The House passed, on an overwhelming 330-99 roll call on Wednesday, a bill that overrides USDA regulations to allow schools to serve whole milk as part of the school lunch program. “Let’s end the war on milk,” said Rep. Virginia Foxx, chair of the House Education and Workforce Committee.
The Biden administration appointed 20 food and nutrition experts on Thursday to help overhaul the Dietary Guidelines for Americans, which provide food-based recommendations to prevent diet-related chronic diseases.
More foods could carry the word “healthy” on the label under an FDA proposal announced on Wednesday, if they are part of a healthy dietary pattern and recommended by the Dietary Guidelines for Americans. The agency said it was updating its criteria for the “healthy” label in hopes of improving the U.S. diet.
The great majority of public schools serve breakfasts and lunches that contain higher amounts of added sugar than recommended by the Dietary Guidelines for Americans, said a USDA report to Congress. “The main source of added sugars ... was flavored fat-free milk,” it said.
More children would be eligible for free school meals and the WIC program would cover children up to age 6 under legislation approved on a party-line vote by the House Education and Labor Committee on Wednesday. While the bill’s Democratic sponsors claimed it will reduce child hunger, Republican Rep. Lisa McClain said it “is chock-full of new spending” when austerity is needed to dampen high inflation.
In the U.S., the field of dietetics and nutrition — and, accordingly, the corps of professionals who shape how Americans understand dietary health, in part by helping draft the national dietary guidelines — has a diversity problem. Over 71 percent of the country’s registered dietitians are white, and unpaid internships and high tuition costs create barriers to entry that have made the field an increasingly elite profession. (No paywall)
With hunger levels stubbornly high and an estimated 1 in 5 American children obese, Stacy Dean, the deputy undersecretary for food, nutrition, and consumer services, told lawmakers Wednesday that the USDA would update nutrition standards for school meals and the WIC program to meet current Dietary Guidelines for Americans.
Americans should halve their consumption of added sugars, and men should limit themselves to one drink a day, said a panel of experts helping the government update its advice on healthful diets. The advisory committee report, published on Wednesday, is expected to provide the scientific foundation for a new edition of the Dietary Guidelines for Americans, scheduled for publication late this year.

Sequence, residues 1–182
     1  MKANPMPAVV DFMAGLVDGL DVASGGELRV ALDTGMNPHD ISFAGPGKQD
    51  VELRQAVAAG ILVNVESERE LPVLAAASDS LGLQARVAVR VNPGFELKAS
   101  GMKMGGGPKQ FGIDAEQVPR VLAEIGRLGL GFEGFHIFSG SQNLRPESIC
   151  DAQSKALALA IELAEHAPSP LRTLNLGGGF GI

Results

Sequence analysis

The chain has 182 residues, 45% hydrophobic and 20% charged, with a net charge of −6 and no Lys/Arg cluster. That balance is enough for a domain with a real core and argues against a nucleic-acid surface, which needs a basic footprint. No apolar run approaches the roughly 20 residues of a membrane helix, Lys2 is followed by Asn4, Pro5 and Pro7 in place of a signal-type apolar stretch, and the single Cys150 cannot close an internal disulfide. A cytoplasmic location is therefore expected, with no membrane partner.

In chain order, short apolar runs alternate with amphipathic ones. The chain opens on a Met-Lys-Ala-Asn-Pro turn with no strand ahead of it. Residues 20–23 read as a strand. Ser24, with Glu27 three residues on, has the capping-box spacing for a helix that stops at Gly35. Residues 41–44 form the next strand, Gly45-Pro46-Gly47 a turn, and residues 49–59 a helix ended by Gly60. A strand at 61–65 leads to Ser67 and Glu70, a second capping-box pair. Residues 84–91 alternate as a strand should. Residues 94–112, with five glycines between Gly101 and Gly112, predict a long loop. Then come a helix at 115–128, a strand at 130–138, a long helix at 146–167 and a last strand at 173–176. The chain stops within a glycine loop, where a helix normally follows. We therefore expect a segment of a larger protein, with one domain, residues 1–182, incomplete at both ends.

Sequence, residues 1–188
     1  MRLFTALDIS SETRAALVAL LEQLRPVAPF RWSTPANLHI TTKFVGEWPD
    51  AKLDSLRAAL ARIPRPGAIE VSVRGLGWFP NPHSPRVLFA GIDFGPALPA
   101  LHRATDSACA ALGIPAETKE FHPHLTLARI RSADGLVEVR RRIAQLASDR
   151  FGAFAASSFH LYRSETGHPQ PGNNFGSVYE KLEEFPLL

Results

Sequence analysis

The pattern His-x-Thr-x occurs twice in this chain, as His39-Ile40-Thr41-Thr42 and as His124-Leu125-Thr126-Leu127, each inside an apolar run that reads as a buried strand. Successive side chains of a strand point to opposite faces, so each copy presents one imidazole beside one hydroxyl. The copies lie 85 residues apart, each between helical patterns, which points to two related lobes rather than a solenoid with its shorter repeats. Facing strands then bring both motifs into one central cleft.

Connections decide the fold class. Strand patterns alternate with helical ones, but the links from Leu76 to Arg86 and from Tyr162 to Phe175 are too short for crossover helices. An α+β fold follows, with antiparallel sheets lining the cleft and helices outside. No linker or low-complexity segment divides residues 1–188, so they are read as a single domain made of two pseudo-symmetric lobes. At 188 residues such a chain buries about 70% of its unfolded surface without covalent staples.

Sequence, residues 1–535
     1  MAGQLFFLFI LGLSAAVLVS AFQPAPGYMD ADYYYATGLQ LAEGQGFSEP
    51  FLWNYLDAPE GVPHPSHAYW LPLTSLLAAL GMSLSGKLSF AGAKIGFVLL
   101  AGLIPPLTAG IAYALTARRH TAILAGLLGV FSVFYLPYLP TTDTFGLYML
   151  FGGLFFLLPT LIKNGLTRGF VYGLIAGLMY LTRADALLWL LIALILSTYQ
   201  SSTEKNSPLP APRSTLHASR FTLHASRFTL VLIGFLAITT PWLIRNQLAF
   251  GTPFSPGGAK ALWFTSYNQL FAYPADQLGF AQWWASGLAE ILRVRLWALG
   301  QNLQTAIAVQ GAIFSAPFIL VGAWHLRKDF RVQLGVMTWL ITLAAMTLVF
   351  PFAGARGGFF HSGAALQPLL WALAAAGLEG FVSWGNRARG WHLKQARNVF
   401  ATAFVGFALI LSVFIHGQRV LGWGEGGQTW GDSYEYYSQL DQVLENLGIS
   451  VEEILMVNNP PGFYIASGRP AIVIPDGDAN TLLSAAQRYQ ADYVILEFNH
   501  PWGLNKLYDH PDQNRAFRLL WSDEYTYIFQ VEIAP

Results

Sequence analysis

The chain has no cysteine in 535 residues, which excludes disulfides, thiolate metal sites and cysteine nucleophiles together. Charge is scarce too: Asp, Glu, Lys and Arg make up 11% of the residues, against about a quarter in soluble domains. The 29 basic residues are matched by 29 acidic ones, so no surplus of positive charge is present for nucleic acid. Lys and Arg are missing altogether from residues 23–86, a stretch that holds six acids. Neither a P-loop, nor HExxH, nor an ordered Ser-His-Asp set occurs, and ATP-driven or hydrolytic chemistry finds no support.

The Agriculture and Health departments said they will decide the issues that will be discussed by experts in updating the Dietary Guidelines for Americans, precluding divisive topics such as meat consumption and long-term availability of food that delayed the 2015-2020 edition for months. Released every five years, the guidelines have a major impact on what the country eats, although three-fourth of Americans don't eat as much fruit or vegetables as recommended.
The Dietary Guidelines for Americans, the government’s advice for healthful diets, are issued every five years but almost all of the work is done in two years by a panel of experts selected for the job. A National Academies of Sciences report, ordered by Congress because of sore feelings over …
The USDA's Center for Nutrition Policy and Promotion has created a series of quizzes on the five food groups that are "designed to challenge, teach, and even entertain," says Feedstuffs.
The FDA called on foodmakers and restaurateurs to reduce sharply the amount of salt in their products to help Americans avoid high blood pressure and the risk of chronic illness. The food industry balked, saying it already has low-salt products on sale and that the science on healthy salt levels was not as clear as the government says.
The updated Nutrition Facts label "is going to make a real difference in providing families across the country the information they need to make healthy choices," said First Lady Michelle Obama. The new label, to be in full use by July 2018, prominently lists the number of calories in a serving, expands serving sizes in line with U.S. eating patterns, and for the first time shows how many grams of sugar are added to foods during processing.
The original edition of the Dietary Guidelines, issued in 1980, was a three-fold pamphlet "with seven easy-to-comprehend rules, such as avoid sugar and saturated fat," says Eating Well magazine. The 2015-2020 edition is 53,000 words covering 211 pages.
Americans eat far less than the recommended amounts of fruits and vegetables, and a common excuse is that they cost too much. Not so, say USDA economists, who examined the average retail price of 156 commonly consumed fruits and vegetables, fresh or processed.
With cattle ranchers pushing hard, Congress barred the government from considering sustainability in the 2015-2020 Dietary Guidelines. An advocate for including the subject, Miriam Nelson, sees the chance for success in the 2020 guidelines.
A week after the government issued the new edition of the Dietary Guidelines for Americans, "nutritionists, public health specialists and experts in preventive health are vying to critique the government document, fill in its gaps and 'spin' the guidelines to support their interests," says the Los Angeles Times.
The new edition of the Dietary Guidelines for Americans will be released today, said Agriculture Secretary Tom Vilsack. He declined to discuss the contents of the report, which distills the government's advice about healthy diets, or how it would be released.